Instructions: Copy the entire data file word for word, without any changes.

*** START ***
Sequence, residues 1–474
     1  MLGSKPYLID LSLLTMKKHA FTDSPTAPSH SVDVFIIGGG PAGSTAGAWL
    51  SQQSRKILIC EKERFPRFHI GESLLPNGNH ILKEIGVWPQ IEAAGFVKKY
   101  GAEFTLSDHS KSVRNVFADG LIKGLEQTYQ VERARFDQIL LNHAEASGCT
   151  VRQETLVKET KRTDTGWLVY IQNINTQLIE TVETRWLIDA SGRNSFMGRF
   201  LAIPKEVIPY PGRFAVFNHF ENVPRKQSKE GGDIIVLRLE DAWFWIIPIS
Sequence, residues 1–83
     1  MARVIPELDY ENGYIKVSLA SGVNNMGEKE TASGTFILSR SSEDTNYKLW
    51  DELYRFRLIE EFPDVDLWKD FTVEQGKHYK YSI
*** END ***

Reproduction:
Sequence, residues 1–474
     1  MLGSKPYLID LSLLTMKKHA FTDSPTAPSH SVDVFIIGGG PAGSTAGAWL
    51  SQQSRKILIC EKERFPRFHI GESLLPNGNH ILKEIGVWPQ IEAAGFVKKY
   101  GAEFTLSDHS KSVRNVFADG LIKGLEQTYQ VERARFDQIL LNHAEASGCT
   151  VRQETLVKET KRTDTGWLVY IQNINTQLIE TVETRWLIDA SGRNSFMGRF
   201  LAIPKEVIPY PGRFAVFNHF ENVPRKQSKE GGDIIVLRLE DAWFWIIPIS
Sequence, residues 1–83
     1  MARVIPELDY ENGYIKVSLA SGVNNMGEKE TASGTFILSR SSEDTNYKLW
    51  DELYRFRLIE EFPDVDLWKD FTVEQGKHYK YSI